Getting rid of rent control remains the best option for St. Paul but new changes are welcome
St. Paul city council is poised to make some changes to its rent control ordinance. According to new reports, the City Council has approved, among others, some of the following changes:
A 20-year exemption from the 3% cap on new construction; the change would also include a “lookback” provision that would eliminate the cap for thousands of existing units. Developers had especially wanted this one.
A “vacancy decontrol” rule that would allow landlords to raise rents to market rate when a tenant moves out. Supporters of the rule said it was needed to let landlords hold down rents for longtime tenants.
Approval of inflation as a valid reason to raise rents because of higher costs, though landlords would need city approval to do so.
As I wrote last week, there is a good reason that rent stabilization policies include provisions such as vacancy decontrol or new housing exemptions. To some extent, such provisions weaken the adverse effects of rent control. St. Paul’s rent control ordinance was so far ahead of its peers. So, making these changes would make the policy somewhat more accommodating.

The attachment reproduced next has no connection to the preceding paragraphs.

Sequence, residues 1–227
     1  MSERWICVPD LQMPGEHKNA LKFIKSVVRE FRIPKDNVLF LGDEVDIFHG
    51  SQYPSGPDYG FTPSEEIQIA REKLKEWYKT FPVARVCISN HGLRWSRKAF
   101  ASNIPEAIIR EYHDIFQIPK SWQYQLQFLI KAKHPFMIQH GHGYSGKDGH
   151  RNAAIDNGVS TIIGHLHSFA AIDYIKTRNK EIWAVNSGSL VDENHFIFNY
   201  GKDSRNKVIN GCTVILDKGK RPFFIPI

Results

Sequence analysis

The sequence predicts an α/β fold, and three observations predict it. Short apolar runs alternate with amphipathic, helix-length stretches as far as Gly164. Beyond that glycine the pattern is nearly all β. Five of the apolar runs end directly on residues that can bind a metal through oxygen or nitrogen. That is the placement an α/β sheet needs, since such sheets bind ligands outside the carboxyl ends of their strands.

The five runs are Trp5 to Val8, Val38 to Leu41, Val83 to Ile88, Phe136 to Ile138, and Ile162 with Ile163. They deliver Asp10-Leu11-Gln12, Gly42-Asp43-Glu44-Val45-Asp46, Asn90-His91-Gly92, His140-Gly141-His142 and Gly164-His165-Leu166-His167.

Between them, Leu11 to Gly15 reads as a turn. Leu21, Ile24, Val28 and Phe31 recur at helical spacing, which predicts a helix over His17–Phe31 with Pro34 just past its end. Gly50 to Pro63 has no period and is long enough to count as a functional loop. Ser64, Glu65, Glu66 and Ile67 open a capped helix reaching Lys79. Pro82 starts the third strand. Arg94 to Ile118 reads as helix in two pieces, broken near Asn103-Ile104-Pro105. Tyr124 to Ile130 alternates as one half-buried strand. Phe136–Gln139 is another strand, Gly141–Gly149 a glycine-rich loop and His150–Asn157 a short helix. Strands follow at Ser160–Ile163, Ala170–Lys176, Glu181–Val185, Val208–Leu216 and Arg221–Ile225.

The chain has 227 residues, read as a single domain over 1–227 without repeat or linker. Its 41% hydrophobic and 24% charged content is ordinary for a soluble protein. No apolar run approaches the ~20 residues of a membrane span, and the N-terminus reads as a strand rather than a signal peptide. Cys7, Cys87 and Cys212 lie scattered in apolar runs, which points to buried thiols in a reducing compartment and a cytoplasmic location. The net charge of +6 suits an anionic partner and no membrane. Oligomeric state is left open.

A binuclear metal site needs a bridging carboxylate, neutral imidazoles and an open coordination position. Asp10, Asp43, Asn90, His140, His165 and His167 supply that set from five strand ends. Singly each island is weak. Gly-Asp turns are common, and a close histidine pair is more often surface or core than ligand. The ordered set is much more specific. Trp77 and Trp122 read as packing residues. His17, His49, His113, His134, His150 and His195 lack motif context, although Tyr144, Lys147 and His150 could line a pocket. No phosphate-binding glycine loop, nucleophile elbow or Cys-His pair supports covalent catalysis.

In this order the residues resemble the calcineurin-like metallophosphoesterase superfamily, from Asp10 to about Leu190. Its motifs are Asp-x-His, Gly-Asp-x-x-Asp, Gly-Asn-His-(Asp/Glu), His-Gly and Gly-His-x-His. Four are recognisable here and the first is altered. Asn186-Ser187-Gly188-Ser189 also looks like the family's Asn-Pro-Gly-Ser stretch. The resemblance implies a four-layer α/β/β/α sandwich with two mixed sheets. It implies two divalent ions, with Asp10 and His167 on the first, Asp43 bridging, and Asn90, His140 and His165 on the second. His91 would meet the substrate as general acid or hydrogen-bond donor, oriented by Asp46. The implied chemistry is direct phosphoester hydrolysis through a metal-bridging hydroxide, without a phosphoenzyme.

Getting rid of rent control is still the best policy
However, as American Experiment’s report showed, these provisions do not solve the issue altogether. Even cities that enacted these provisions have not been immune to the effects of rent control. This is evidenced by places like San Francisco which had vacancy decontrol, exempted new housing, and also had a generous rent cap of 7 percent.
While these changes are welcome, getting rid of rent control altogether remains the best policy decision.